“I was still hoping people would convince me that I was wrong and I was imagining things. Thankfully, they did not,” Audrey smiles. “This lovely child psychologist contacted me and, despite the fact that she was on maternity leave, she listened to me. She recommended a colleague of hers who specialises in autism, and meeting him was our turning point. Saskia was officially diagnosed with mild symptoms of autism when she turned three.”
“We started early intervention therapy when she was 18-months-old and I believe that that has made all the difference. We had two amazing therapists – Francesca Diacono and Jacqueline Abela Degiovanni, to whom I will always be grateful. Since then, Saskia has started applied behaviour analysis (ABA), which Hand in Hand has introduced to Malta, and it is literally changing our lives. Saskia is loving, and has learnt how to communicate. Her vocabulary skills are the equivalent of a seven-year-old’s, but she still needs to learn how to use language meaningfully. We will get there,” says Audrey with conviction.
Learning to live with autism is a challenge in itself, but one must continue and strive. “I cannot say that I’m okay with it all now. I embrace autism and I reject it. I am okay with it and I’m not. I do not care why it happened, but maybe I do.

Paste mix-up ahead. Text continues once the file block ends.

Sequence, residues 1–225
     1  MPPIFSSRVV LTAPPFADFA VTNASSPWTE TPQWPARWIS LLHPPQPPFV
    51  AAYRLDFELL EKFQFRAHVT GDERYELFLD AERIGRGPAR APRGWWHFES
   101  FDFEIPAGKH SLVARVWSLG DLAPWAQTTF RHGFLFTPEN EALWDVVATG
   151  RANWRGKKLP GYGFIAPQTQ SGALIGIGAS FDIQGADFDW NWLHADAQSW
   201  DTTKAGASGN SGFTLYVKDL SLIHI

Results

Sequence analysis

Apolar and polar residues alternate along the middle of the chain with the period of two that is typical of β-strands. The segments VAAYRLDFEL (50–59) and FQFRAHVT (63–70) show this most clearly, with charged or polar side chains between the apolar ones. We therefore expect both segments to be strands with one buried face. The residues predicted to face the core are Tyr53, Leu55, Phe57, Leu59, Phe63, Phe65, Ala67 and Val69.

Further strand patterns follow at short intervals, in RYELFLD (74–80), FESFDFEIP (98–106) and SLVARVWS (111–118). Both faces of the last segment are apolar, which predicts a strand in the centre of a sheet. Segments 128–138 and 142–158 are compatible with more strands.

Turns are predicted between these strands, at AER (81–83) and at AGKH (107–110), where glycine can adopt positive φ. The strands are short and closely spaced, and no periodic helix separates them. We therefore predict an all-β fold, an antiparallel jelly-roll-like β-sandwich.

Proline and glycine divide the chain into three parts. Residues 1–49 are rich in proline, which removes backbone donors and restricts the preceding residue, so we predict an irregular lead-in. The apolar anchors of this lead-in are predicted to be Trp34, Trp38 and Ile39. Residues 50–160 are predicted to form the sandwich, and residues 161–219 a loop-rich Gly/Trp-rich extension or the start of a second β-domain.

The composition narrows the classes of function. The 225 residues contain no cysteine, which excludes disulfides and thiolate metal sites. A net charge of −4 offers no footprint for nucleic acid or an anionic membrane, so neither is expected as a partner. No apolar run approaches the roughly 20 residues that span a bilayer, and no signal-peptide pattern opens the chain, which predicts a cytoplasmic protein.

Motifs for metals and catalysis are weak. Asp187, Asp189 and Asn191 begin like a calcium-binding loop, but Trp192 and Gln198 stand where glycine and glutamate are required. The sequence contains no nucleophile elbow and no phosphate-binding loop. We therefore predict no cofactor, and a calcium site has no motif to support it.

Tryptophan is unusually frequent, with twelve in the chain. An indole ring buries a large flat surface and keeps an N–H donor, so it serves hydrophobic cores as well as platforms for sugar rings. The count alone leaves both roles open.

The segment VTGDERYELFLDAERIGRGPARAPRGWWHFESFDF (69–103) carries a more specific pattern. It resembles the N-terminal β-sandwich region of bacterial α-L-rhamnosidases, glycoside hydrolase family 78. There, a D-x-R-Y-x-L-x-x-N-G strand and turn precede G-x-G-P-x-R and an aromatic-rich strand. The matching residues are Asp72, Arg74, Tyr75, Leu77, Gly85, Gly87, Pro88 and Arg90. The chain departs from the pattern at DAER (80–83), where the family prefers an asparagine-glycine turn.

Autism has made me brave, but it has also made me cry rivers of tears. It has made me hopeful and it has made me the biggest pessimist ever. My girl is broken, but she is whole. I hate autism, but it is part of my little girl, and it has made her who she is. As you can see, autism and I are in a complicated relationship,” she laughs.
“Things are okay for now, as Sas is a cute little girl. But, despite the fact that her prognosis is very, very good, she will be an adult with autism – and that is when the compassion tends to stop.
“Autism is not all about lining things up perfectly and being a genius. Many people react by telling me that the condition doesn’t show, when I point out why Sas will not reply to them, or why she will ignore their child. This is why I feel that we need to raise awareness. People tend to be kinder once they know about it. Autism is normal, but it is different. Understanding and patience can go a long way.”
Mindful of the weight that she carries on her shoulders, Audrey looks to the future with a steady hand and an informed mind. “As for those not affected by autism,” she concludes. “Remember that a kind smile will help a frazzled parent more than a look of disdain any day.”
Parents who would like to get in touch with Audrey can do so by sending an e-mail to firstname.lastname@example.org.